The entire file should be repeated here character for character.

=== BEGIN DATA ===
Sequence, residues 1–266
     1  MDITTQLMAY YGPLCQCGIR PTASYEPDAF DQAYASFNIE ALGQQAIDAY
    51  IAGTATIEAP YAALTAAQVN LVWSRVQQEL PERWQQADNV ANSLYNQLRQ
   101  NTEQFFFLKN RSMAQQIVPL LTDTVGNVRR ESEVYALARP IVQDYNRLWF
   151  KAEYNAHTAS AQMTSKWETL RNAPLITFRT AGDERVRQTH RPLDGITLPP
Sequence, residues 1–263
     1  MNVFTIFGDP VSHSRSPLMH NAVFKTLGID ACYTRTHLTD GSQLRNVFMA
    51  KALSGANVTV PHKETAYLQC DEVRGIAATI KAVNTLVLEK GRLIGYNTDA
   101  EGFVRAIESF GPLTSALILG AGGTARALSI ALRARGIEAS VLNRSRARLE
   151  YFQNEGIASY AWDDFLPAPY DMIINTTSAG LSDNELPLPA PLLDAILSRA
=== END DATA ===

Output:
Sequence, residues 1–266
     1  MDITTQLMAY YGPLCQCGIR PTASYEPDAF DQAYASFNIE ALGQQAIDAY
    51  IAGTATIEAP YAALTAAQVN LVWSRVQQEL PERWQQADNV ANSLYNQLRQ
   101  NTEQFFFLKN RSMAQQIVPL LTDTVGNVRR ESEVYALARP IVQDYNRLWF
   151  KAEYNAHTAS AQMTSKWETL RNAPLITFRT AGDERVRQTH RPLDGITLPP
Sequence, residues 1–263
     1  MNVFTIFGDP VSHSRSPLMH NAVFKTLGID ACYTRTHLTD GSQLRNVFMA
    51  KALSGANVTV PHKETAYLQC DEVRGIAATI KAVNTLVLEK GRLIGYNTDA
   101  EGFVRAIESF GPLTSALILG AGGTARALSI ALRARGIEAS VLNRSRARLE
   151  YFQNEGIASY AWDDFLPAPY DMIINTTSAG LSDNELPLPA PLLDAILSRA